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I have a fraction with sums above and under the line. How can I convince LaTeX to write the indices of the sums under the sigma instead of next to it?

\begin{displaymath}
  \frac{\sum_{s \in S} s^2}{\sum_{p \in P} p^2}
\end{displaymath}
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2 Answers 2

up vote 13 down vote accepted
\begin{displaymath}
  \frac{\sum\limits_{s \in S} s^2}{\sum\limits_{p \in P} p^2}
\end{displaymath}
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\begin{displaymath}
  \frac{\displaystyle\sum_{s \in S} s^2}{\displaystyle\sum_{p \in P} p^2}
\end{displaymath}
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4  
I think \limits is the better choice since it does not change the size of the summation sign. –  Michael Ummels Mar 18 '11 at 16:20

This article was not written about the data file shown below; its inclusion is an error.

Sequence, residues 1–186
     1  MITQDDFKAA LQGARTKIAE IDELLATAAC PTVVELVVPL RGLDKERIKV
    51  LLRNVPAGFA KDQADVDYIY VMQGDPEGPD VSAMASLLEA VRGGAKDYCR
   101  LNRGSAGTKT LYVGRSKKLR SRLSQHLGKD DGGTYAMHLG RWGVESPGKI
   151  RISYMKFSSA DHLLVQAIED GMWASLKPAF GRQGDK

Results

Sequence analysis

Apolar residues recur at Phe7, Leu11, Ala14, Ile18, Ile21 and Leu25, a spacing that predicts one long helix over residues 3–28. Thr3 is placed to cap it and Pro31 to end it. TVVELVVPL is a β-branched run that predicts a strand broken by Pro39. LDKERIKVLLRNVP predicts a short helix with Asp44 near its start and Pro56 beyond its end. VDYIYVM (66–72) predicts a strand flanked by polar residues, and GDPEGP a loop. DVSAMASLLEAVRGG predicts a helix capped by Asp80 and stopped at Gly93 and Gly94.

1  
This answer seems to work, too. Unfortunately, it's not possible to mark two answers as correct. –  Thomas Mar 18 '11 at 16:28
1  
@Thomas: As I said, the difference between the two answers lies in the size of the summation signs, which is changed by \displaystyle in this case. –  Michael Ummels Mar 18 '11 at 16:32
    
@Michael: It is not the \limits that changed the size of the sigma symbols, it was the use of \displaystyle. I think your first comment should be deleted for confusion reasons. –  night owl Jun 30 '11 at 6:25
2  
@night Read my comment again. I say that \limits is a better choice exactly because it does not change the size. –  Michael Ummels Jun 30 '11 at 10:08

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